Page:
0.1 C
New York
Thursday, March 30, 2023
HomeLeadershipMorrell slams Cantrell over leadership 'vacuum,' says council has mandate to curb...

Morrell slams Cantrell over leadership ‘vacuum,’ says council has mandate to curb mayoral excesses | The Latest | Gambit Weekly



Related stories

Baseball's Pitch Clock Lessons For Corporate Leadership – Forbes

Baseball's Pitch Clock Lessons For Corporate Leadership  Forbes Source

Immersive Labs Announces New Executive Leadership Hires to … – WV News

Immersive Labs Announces New Executive Leadership Hires to ...  WV...

EU regulators distance themselves from Credit Suisse bond writedowns

BRUSSELS — European regulators distanced themselves from the Swiss...

DuBois Area United Way Releases Statement Regarding Former … – GANT News

DuBois Area United Way Releases Statement Regarding Former ...  GANT...

New Orleans City Council President JP Morrell said the days of a strong executive branch bulldozing the city’s legislative body are over, and he’s vowed to use the council as an independent check against Mayor LaToya Cantrell over the remainder of her time in office.

Morrell took over as president from fellow At-Large Council Member Helena Moreno in January. In a recent interview with Gambit, he argued council members are emboldened to flex the body’s legislative and oversight muscles in ways the city has rarely seen from previous councils for a few reasons: Moreno’s efforts to beef up the council’s independence, Cantrell’s handling of the budget last year and the overwhelming public support for a charter amendment which created a new confirmation process for mayoral appointments.

Morrell explained that heading into last year’s session, “there were many of us who wanted the council to be much more aggressive and much more authoritative when it came to our purview of doing legislation. You had four members who really felt strongly the council should be a strong council. And you had three members who really felt like, well two of them might have been on the fence and one of them felt like the mayor-led politics of the past was the way of the future.”

According to Morrell, one of the biggest reasons for the shift in attitude among some of his colleagues came relatively late in 2022, as the city was preparing for its annual budget process.

“The mayor began the traditional position of trying to dictate to council members how money would be spent and to intimate that those who were her friends would get the money they were entitled to and those who were not would be punished,” Morrell said.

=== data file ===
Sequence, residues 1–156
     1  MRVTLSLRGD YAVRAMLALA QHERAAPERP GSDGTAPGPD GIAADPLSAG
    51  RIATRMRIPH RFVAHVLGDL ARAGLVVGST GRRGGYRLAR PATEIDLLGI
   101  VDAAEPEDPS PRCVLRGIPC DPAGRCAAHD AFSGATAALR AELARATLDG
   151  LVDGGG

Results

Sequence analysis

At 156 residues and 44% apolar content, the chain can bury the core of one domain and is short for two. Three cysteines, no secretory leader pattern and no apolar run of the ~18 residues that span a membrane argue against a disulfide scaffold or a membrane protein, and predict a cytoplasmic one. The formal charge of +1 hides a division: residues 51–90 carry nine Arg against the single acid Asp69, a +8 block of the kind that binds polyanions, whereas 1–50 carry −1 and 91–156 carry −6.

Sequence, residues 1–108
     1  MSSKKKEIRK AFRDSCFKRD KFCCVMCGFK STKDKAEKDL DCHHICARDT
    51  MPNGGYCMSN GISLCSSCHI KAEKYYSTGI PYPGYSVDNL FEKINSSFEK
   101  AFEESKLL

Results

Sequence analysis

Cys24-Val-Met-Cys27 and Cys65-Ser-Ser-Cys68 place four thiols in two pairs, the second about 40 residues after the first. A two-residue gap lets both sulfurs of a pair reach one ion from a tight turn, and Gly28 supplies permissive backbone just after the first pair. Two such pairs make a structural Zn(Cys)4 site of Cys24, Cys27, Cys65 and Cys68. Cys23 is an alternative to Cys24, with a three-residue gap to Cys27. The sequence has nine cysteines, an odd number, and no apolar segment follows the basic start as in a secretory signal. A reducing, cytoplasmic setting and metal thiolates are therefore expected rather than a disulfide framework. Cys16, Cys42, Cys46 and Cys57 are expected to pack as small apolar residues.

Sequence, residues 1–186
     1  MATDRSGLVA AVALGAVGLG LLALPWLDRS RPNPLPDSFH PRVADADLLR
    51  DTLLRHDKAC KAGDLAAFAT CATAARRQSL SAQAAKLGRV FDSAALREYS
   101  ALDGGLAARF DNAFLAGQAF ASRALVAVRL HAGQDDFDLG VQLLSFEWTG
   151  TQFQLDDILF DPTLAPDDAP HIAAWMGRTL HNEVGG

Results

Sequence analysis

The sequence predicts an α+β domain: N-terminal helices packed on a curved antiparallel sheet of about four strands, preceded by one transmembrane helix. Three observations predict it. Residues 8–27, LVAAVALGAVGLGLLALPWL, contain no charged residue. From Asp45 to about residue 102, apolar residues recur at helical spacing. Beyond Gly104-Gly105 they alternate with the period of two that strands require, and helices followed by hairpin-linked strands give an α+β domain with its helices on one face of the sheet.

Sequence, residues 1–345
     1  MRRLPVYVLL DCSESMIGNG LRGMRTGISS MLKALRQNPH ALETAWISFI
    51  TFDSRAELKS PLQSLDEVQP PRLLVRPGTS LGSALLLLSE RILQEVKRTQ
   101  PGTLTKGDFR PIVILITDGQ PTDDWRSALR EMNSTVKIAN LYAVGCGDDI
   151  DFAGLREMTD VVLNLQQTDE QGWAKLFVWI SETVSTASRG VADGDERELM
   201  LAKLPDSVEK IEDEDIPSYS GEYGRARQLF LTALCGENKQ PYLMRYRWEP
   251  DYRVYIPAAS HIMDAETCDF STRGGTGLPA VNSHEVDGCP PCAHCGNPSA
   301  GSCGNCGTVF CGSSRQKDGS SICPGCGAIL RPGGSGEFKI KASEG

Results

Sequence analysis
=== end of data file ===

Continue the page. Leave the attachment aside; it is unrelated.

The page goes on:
“That is where you saw the council really assert itself in an independent role because I think [for] a lot of members, it finally dawned on them,” he added. “We write the budget. Why are we … bowing to their will when, if we don’t like something in a budget, we can just change it?”

New Orleans District A Councilman Joe Giarrusso Tuesday ruled out a run to replace his mother on the city’s court even as he took steps for a …

It was a transformative moment for the council and one that will help him in his role as president, Morrell said.

“I think the membership began to realize, wait a second, a lot of things the city can do, we do have some agency because we fund everything,” he said. “Going into this year, I feel like as President, my job is actually a little bit easier because the members feel like they have a mandate. The charter amendment, and the vote that passed the charter amendment, really impressed upon the council that there’s a lot of trust being put by the public in the council to be an independent legislative body and a check on the mayor.”

Relations between Cantrell and the council have always been tense throughout the mayor’s time in office. But the addition of Morrell and District B Council Member Lesli Harris last January, combined with Moreno and District A Council Member Joe Giarrusso, has created a majority bloc on the council which envisions a stronger oversight and legislative branch of government than has traditionally been present.

That has further strained relations with Cantrell, who prefers a top-down, centralized approach to leadership and has publicly bristled at challenges to that authority.

Morrell and Cantrell also find themselves on the opposite sides of a number of key policy issues in the city, the most obvious being what to do about short-term rentals.

New Orleans City Council President JP Morrell will use a series of changes made last year to the charter and budget process to step up the cha…

Cantrell has long surrounded herself with advisors and staff who come from the real estate industry, and she put an executive from an STR company in charge of enforcing the city’s already weak rules governing the industry. In fact, her hand-picked head of the 911 and 311 systems (and the czar of her new anti-crime task force) is real estate agent Tyrell Morris. (Council Vice President Moreno has also worked as a real estate agent.)

Morrell, meanwhile, has railed against the STR industry over its negative effect on rental costs in the city and contribution to rampant gentrification, particularly in historic Black neighborhoods.

In the interview, Morrell pulled a few punches when it came to how he feels about Cantrell’s leadership.

“My goal as president of the council is really to try and empower the members to work together on solutions for across the city, district by district and citywide because whether it be crime, whether it be the streetlights, whether it be Sewerage & Water Board, there’s simply no leadership from the mayor’s office to solve any of those problems,” he said. “And I think that whereas the council historically has been very deferential to the mayor, when there’s a vacuum of leadership, it’s the council’s role of stepping into that vacuum [to] lead.”


Latest stories